Out of Reach: Why Santa Barbara County is in the middle of a housing crisis
Santa Barbara County is a desirable place to live, with its picturesque ocean and mountains. But it has also become impossible for many to find or afford housing, which is leading to long commutes.
“Usually in the morning, it’s 45 minutes coming here from Oxnard and then depending on traffic, it’s about an hour and fifteen to get home,” Jenette Mercer said.
Mercer works for the post office in Santa Barbara, but lives in Oxnard. She recently missed her daughter’s soccer game because of the long drive.
“It’s a lot of time wasted daily that I have to spend away from my kids. That’s the worst part about it,” she said.
UCSB economics professor Peter Rupert said the reason so many people on the Central Coast are in this position is because of a supply and demand problem.
“The demand has increased because people want to live in Santa Barbara, as they always do, but the pandemic has spurred that and then we just have no supply. So those two factors with low mortgage rates really caused a huge increase in housing prices,” Rupert said.
He said prices have skyrocketed in Santa Barbara County in the decade since the Great Recession.
“I just saw recently that median home prices are above two million dollars in Santa Barbara. Of course, that differs between the south coast and north coast, but they’re at an all-time high, which also means that rents are at an all-time high,” he said.
Rupert said on average, outside of California, one-third of a person’s income typically goes toward rent. But in Santa Barbara County, it’s a lot higher.
“When you look here, it’s like 40-50 percent for many, many people and it just puts a struggle on their lives,” he said.
With too little inventory and high prices, Rupert said a lot of people who work in Santa Barbara are not able to live here. He said better transportation options like dedicated bus lanes could help ease the commute for workers living out of town until more housing is built, but there’s no quick fix.
“In the short run, there’s nothing else we can really do. We just can’t build fast enough to help that problem,” he said.
Lisa Plowman, Director of Planning and Development for the County of Santa Barbara since 2019, said decades of no-growth sentiment, plus a large gap between income and housing prices, have the county scrambling to generate more moderate and low-income housing.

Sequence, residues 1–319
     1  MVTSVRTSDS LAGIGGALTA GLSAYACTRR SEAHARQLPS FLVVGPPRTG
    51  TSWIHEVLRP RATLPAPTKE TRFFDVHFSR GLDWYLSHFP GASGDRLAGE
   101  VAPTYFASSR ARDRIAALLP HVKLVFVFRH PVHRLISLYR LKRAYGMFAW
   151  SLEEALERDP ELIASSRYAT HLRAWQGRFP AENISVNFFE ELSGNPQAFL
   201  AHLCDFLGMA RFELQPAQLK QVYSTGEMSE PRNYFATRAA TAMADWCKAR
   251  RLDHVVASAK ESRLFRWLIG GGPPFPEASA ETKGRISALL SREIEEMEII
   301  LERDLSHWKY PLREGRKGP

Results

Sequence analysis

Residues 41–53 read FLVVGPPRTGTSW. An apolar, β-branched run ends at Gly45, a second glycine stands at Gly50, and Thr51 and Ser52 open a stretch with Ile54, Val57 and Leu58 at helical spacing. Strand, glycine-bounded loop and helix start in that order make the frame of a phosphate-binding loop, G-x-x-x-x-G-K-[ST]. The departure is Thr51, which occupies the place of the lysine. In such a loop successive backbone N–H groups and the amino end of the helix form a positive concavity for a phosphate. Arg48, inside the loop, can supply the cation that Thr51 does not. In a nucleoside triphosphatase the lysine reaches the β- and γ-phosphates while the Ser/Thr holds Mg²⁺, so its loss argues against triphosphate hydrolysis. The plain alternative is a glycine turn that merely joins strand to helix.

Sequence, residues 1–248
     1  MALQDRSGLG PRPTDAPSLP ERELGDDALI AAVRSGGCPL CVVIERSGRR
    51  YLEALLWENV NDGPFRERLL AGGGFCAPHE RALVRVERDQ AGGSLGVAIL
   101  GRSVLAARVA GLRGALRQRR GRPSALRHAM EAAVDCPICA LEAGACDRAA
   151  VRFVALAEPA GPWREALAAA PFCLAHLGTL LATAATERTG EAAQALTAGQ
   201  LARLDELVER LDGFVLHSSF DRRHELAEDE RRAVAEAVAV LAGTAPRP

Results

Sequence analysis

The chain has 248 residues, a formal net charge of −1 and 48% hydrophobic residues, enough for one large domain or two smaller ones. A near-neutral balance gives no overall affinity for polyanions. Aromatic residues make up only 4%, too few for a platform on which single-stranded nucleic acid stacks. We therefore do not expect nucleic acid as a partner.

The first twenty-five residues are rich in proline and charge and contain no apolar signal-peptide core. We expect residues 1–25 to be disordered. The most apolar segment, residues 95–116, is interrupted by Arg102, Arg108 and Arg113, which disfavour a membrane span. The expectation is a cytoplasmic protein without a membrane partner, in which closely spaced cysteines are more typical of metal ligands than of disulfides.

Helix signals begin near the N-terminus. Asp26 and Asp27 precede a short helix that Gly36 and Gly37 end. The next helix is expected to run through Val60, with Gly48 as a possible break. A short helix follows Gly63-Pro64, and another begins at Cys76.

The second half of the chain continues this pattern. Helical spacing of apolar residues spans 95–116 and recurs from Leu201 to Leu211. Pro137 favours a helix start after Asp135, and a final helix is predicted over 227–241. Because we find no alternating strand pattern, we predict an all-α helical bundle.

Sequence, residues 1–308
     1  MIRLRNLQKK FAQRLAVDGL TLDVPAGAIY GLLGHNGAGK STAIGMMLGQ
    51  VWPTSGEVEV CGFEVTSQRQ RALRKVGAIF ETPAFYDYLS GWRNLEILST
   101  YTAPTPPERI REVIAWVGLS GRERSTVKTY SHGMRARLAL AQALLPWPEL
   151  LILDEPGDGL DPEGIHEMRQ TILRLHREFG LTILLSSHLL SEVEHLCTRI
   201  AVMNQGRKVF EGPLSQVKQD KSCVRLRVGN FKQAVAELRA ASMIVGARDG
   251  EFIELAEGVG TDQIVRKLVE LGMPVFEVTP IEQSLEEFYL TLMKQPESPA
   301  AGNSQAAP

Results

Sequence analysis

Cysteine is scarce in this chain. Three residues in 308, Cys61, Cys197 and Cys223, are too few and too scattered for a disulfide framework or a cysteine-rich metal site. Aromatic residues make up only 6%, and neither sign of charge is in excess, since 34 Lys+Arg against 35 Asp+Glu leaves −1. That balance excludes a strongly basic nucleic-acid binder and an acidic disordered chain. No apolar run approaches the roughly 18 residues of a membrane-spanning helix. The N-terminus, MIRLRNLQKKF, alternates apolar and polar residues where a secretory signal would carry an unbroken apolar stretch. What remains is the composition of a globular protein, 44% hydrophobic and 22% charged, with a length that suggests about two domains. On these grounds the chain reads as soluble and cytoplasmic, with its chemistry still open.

“We just did not do a good job of keeping pace with the demand in our own community,” she said.
The housing shortage is not unique to Santa Barbara County. Governor Gavin Newson signed a flurry of legislation in 2021 to expand housing production, streamline the permitting process, and increase density to address the crisis across the state of California.
Plowman said the state assigns each region a number of units required to meet housing needs and mandates the county to create a workable plan called a Housing Element update. She said the state’s numbers for Santa Barbara County are substantial, and consequences for non-compliance can be severe.
“Currently, we got 5,664 units assigned to the unincorporated areas of the county – 1,522 are in North County, 4,142 are in South County,” she said.
Additional numbers are assigned to each city within the county, so the combined total of housing units the county and its cities must add is over 24,000.
“We need to wrap our arms around the concept of higher density housing in appropriate areas,” Plowman said.
She said the county is not responsible for actually building units, but they must make it possible for the private sector to do so.
“The county is committed to overhauling our multi-family residential zone districts, which are quite old. They were drafted in the 1980s and have been modified here and there over the years. We’re going to also be overhauling our commercial districts to allow for expanded mixed-use opportunities,” Plowman said.
One step already taken allows for Accessory Dwelling Units (ADUs) on existing properties. Plowman said homeowners can add a rental unit, like a granny flat, through a streamlined permit process.
“But what we are finding is that the rents on the ADUs are high, so they’re not meeting the moderate category,” she said.
Plowman said the lack of moderate and low-income housing in the county impacts individuals and the community overall. It’s important for the health of the community, she said, for people to be able to live where they work.
“It affects people’s personal lives because they spend a lot of time commuting. When people don’t have time to interact with one another and volunteer and be a part of their kids’ school programs, if they have children, it really diminishes the vibrancy of a community substantially,” Plowman said.
Jenette Mercer from the post office agrees. When asked if she wants to live closer to work, she said simply, “Yes.”
Out of Reach is made possible by a grant from the Sunflower Foundation.
Senior editor Marisa Waddell and editor Benjamin Purper edited this story.